Teaching Strategies for the Simulation Lab

Simulation is the perfect step between the classroom and clinical experience with actual patients. However, even simulation has limitations, precisely because it’s not real. It gives students limited realistic human interaction. Simulation lacks the presence of physiological symptoms, and, knowing that no one is at risk, students may not take it seriously.

As a result, it’s important for nursing programs that using simulation to know their challenges and explore their options. Simulation is the future of nursing education, so challenges will need to be overcome and the right strategies adopted.

Challenges to simulation as a teaching strategy include initial capital expenditures, faculty development, and ongoing support. As simulation becomes the norm in nursing education, these barriers will be lowered. The return on investment for a sim lab will prove to be worth the initial costs; and support from faculty, administration, and technical departments, once developed, will continually improve.

Types of simulation and simulators

    PC-based simulation is more or less enhanced classroom learning. It is flexible, affordable, and accommodating to many levels of learning. However, it provides zero physical interactivity and no experiential learning. While it can be a good entry point for nursing programs, it cannot be the only version of simulation available to students.

    Role playing, while another low-cost, low-fidelity option, is beneficial for education in team-building, patient education, and other scenarios where communication is key.

    Partial task trainers replicate part of a system or process, and are good for practicing repetitive procedures. Intubation manikins, IV arms, suture kits, and like solutions are cost-effective options because they are portable, sustainable, and standard.

    Complex task trainers are computer-generated virtual reality scenarios that focus on specific, high skill procedures such as surgery, scoping, and IV or central line catheterization. These haptic systems are tactile and responsive, but can also be quite expensive. As of yet, these sophisticated systems are rare in nursing education.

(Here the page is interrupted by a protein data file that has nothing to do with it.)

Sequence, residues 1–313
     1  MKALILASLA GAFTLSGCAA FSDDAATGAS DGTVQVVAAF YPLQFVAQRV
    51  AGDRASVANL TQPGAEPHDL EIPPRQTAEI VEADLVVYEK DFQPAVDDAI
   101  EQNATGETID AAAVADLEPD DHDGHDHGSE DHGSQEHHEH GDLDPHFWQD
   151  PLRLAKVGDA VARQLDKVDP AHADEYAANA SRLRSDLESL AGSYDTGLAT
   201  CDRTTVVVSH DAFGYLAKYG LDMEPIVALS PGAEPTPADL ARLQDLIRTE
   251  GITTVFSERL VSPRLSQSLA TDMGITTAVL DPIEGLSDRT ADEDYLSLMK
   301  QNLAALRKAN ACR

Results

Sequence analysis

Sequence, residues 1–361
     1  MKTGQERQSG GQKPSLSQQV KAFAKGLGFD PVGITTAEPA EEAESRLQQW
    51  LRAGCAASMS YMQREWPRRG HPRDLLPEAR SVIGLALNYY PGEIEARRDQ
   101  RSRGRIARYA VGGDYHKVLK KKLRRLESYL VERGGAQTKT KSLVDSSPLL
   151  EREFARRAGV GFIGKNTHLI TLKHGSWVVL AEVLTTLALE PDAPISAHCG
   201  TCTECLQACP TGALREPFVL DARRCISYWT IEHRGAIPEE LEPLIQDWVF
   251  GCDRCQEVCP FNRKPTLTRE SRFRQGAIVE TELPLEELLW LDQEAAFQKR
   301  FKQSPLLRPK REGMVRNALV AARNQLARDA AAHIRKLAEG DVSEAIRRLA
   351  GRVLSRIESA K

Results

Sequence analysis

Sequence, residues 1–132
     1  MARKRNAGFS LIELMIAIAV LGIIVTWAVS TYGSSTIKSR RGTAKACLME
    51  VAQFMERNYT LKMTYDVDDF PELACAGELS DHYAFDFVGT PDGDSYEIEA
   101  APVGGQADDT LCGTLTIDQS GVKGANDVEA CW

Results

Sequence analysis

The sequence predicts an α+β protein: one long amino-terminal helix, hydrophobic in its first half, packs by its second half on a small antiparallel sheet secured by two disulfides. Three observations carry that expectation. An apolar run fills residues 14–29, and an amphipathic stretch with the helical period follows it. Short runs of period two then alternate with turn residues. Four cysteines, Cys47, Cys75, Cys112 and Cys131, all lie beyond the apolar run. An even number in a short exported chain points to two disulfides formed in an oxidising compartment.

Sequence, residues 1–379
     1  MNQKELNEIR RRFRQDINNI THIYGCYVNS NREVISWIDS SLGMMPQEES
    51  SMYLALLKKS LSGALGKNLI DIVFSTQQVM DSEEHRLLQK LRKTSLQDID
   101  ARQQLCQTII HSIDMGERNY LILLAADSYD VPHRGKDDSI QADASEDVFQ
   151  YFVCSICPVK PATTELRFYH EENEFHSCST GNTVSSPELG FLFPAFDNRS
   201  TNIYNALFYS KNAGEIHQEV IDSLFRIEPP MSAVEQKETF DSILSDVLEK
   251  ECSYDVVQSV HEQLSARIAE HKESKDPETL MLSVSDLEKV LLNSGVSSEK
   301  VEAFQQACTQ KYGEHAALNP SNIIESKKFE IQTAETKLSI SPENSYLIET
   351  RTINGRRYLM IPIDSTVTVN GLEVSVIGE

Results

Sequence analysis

Integrated simulators, also known as human patient simulators (HSP) or manikins, are increasingly common, increasingly affordable, and increasingly sophisticated. Whole body manikins bring a level of physical interactivity and realistic, experiential learning to sim labs.

    Standardized patients (SP) are real people who volunteer or are paid to act the part of patients. While they provide another level of realism, especially for interpersonal and emotional responses, they are limited in how they can present to students. They can’t, for example, present with true disease states, therefore limiting believability.

    Hybrid simulations are a mix of SPs and manikins, for example in a pediatric scenario, that can bring the best of both worlds to a sim lab – true interpersonal communications, plus a responsive physical model that can be fully acted upon without risk.

    Full-mission simulation is a created, immersive scenario that is complex and usually involves a team, manikins, SPs, moulage, and a range of diagnostic and medical equipment. Full-mission simulations are often deployed in military, EMS, and first responder training programs. They can include disaster scenarios with mass casualties, and can truly enhance leadership and teamwork skills.

Here at Pocket Nurse we are excited to see the development of simulation in nursing education and other allied healthcare education programs. Simulated scenarios benefit students and patients, and they will only get better as they are used more widely. Some schools even make it fun and competitive, and recruit students from all different years with different levels of experience.

For Pocket Nurse simulation solutions, please visit our website.

Source: Simulation Techniques to Bridge the Gap Between Novice and Competent Healthcare Professionals, Online Journal of Issues in Nursing

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